From being a green transportation option, to helping people get exercise, to being much more affordable than driving a car, biking has a number of advantages. However, in a recent survey, when asked why they did not bike to work, over 65% of respondents cited 'safety concerns' as the most important factor. This is not unfounded -- in 2016, nearly four thousand cyclists were killed in road accidents.
When our team looked at addressing this issue, we learned that visibility or unsafe road conditions played a role in over 85% of the crashes recorded.
What it does
MOJO is an integrated solution for making bicyclists safer. A raspberry pi-based bike attachment functions as an ultra-bright weatherproof taillight, adding convenience and improving safety through the use of multiple strobe modes and intelligent turn and brake signals. Using MOJO's turn and brake signals allows bicyclists to keep both hands on the handlebars, increasing controllability and braking authority compared to traditional signaling methods. MOJO's built-in GPS makes bikes nearly impossible to misplace, as parking locations can be recorded and pushed to the cloud. Additionally, MOJO's website combines GPS data with public safety records, enabling users to view their bike routes in the context of recorded road conditions and traffic accidents and thus plan safer commutes.
How we built it
MOJO's bike attachment consists of a raspberry pi running raspbian stretch-lite and Circuit Python. Circuit Python scripts are used to interface with the GPIO header for controlling an external GPS, a strip of ultra-bright SK6812 RGBW LEDs, a magnetometer/gyro/accelerometer, and a remote used for controlling turn signals. Accelerometer data is used to create a "brake light" effect on the LED strip when the bike slows down, and gyro data is used to implement intelligent turn signals that automatically turn off after a turn is completed.
The remote control for the bike attachment mounts to the handlebars, and consists of two buttons for triggering the left and right turn signals and a status LED. The status LED indicates what mode the taillight is in (turning left, turning right, hazard lights, brake light, etc), allowing the user to confirm that their signal is functioning without taking their eyes off the road. The GPS is used to log position information to the Raspberry Pi's SD card, and a Python script pushes GPS logs to the cloud using the Azure IoT suite as soon as an internet connection is detected. Position updates can be quite frequent in urban areas or universities with public wifi networks, or can be scheduled to run only when the bike comes within range of a home or work wifi network at the end of a commute. Optionally, an external cellular module can be added to the Pi for round-trip connectivity from just about anywhere. MOJO's position data allows users to keep track of where they parked their bike, and can be used with MOJO's web suite to analyze road risks and plan safer routes.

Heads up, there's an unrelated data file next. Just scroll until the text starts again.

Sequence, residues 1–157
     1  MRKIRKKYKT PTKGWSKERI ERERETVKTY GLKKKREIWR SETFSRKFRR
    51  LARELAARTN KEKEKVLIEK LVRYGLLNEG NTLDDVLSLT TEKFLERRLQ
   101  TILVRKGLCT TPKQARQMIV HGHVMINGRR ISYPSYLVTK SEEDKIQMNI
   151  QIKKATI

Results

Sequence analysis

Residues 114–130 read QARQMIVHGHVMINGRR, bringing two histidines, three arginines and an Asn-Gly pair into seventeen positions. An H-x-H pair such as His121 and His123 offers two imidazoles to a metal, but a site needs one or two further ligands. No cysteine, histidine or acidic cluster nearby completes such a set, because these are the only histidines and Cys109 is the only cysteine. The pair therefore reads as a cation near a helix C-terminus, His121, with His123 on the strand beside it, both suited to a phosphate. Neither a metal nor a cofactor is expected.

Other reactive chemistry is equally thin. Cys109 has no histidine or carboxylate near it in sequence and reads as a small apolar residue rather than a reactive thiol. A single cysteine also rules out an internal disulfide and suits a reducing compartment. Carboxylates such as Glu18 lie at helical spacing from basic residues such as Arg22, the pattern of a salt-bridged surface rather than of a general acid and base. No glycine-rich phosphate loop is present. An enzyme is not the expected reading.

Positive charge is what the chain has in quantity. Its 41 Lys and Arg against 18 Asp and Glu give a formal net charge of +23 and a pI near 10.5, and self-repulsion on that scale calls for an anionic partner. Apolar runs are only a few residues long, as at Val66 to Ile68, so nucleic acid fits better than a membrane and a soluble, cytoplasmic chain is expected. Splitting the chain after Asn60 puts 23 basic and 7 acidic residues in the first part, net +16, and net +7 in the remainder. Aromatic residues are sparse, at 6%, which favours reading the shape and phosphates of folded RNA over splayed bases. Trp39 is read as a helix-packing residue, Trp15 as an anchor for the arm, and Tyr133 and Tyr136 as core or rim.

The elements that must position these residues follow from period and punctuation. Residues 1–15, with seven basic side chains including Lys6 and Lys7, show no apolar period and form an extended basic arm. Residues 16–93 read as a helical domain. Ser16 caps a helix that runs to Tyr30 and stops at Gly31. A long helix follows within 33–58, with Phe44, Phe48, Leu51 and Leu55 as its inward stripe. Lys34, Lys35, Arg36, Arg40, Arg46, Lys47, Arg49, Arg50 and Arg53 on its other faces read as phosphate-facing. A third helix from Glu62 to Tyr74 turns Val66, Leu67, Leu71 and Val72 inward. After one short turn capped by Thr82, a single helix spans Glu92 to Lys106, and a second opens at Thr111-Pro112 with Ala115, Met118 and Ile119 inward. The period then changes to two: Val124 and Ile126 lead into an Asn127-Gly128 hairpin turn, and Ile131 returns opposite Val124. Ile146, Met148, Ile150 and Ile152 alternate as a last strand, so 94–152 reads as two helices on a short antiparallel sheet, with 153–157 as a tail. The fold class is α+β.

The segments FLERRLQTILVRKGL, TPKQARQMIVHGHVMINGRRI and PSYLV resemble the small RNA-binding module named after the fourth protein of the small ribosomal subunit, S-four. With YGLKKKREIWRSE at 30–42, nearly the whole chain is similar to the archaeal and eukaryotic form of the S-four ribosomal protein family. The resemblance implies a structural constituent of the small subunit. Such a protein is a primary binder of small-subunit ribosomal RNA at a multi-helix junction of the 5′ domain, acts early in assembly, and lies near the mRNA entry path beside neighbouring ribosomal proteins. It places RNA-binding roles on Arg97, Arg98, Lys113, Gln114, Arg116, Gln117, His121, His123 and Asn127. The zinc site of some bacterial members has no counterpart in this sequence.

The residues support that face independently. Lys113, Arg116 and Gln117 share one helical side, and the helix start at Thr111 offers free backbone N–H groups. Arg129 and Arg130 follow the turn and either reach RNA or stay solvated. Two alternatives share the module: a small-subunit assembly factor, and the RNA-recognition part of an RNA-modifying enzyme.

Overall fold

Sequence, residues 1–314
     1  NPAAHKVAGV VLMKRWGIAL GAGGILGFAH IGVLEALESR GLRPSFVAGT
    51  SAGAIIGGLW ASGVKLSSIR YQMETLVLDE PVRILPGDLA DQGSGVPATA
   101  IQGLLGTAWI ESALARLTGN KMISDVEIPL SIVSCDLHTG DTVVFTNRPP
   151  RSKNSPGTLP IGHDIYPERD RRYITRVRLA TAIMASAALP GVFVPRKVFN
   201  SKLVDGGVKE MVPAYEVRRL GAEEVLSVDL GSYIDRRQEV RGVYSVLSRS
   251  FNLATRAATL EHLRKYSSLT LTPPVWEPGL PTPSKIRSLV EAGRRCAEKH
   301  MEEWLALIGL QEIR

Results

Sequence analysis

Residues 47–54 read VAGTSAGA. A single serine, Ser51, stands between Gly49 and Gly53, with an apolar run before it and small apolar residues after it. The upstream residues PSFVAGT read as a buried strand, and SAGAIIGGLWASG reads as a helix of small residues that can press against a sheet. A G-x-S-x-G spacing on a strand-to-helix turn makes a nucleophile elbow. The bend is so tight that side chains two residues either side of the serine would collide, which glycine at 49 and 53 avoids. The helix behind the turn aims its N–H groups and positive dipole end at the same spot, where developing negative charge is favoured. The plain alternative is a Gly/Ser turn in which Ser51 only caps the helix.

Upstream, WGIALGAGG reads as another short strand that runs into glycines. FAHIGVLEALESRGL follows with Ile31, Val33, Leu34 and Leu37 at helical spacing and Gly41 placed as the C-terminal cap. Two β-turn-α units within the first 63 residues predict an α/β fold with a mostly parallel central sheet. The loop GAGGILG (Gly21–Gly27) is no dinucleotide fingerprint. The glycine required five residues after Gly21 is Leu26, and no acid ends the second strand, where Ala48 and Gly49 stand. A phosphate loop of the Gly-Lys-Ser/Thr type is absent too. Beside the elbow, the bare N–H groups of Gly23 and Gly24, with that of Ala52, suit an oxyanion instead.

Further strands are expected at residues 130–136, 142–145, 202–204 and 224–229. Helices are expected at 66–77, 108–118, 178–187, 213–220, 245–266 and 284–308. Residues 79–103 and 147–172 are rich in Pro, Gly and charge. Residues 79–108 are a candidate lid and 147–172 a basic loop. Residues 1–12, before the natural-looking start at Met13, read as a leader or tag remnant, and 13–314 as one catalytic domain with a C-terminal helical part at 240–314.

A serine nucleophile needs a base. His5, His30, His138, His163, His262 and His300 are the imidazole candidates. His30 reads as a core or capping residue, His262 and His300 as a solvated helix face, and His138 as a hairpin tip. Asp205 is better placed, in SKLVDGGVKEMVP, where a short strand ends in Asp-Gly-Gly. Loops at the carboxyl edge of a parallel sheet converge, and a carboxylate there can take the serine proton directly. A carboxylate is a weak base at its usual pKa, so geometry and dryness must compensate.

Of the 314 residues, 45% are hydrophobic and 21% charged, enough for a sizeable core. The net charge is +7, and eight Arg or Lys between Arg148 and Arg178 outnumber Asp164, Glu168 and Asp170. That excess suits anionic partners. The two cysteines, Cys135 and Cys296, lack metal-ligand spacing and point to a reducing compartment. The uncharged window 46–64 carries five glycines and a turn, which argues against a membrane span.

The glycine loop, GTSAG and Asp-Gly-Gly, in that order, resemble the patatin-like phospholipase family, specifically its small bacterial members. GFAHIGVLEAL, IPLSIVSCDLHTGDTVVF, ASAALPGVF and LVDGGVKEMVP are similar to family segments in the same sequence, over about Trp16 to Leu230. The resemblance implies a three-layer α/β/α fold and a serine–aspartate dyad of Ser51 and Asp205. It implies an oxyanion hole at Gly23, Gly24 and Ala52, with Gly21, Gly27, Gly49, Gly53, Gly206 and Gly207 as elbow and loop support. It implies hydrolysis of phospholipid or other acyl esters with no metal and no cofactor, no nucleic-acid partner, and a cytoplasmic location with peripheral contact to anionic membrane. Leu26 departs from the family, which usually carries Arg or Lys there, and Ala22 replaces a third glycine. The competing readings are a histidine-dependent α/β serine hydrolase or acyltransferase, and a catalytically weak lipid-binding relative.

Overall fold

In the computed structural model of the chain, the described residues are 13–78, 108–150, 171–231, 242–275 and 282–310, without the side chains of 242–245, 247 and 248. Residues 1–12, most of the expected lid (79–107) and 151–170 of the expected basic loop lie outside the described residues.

All of the external components of MOJO's bike attachment are waterproofed with silicone, and the housings are constructed from durable PETG plastic and sealed with TPU gaskets. MOJO is IP64 water resistant and capable of handling the outdoor weather.
MOJO's web suite allows riders to visualize the riding risks in their local area in order to better plan their routes. Public safety data ranging from local crime rates to pavement quality to traffic accidents is compiled and rendered as a heatmap, allowing MOJO users to see the riskiest parts of their commutes and plan accordingly, whether it's slowing down to keep an extra close eye on a certain blind intersection or taking a different street altogether.
Challenges we ran into
Some of our web integrations had difficulty working with third-party apps, and building hardware was extremely resource and time intensive.
Accomplishments that we're proud of
We are proud of the level of polish that we were able to build into our hardware prototype. No breadboards, no duct tape, and basic waterproofing proved to be a challenge, but we think it looks pretty good!
What we learned
Despite not running Real Time Operating Systems, Raspberry Pi's are fantastic for embedded systems development! Their incredibly high clock rate when compared to many embedded devices removes many of the issues with timing resolution, at least for basic tasks like I2C / SPI / UART communication, and there are ample tools for interfacing with a large variety of sensors.
What's next for MOJO
We'd like to continue improving our hardware and web platform; adding cellular connectivity to the bike attachment would allow it to upload data from more places, and solar panels could extend the life of the bike's battery while running MOJO. The web platform could be expanded to auto-generate safer bike routes from the data it already has, making safe biking easier than ever.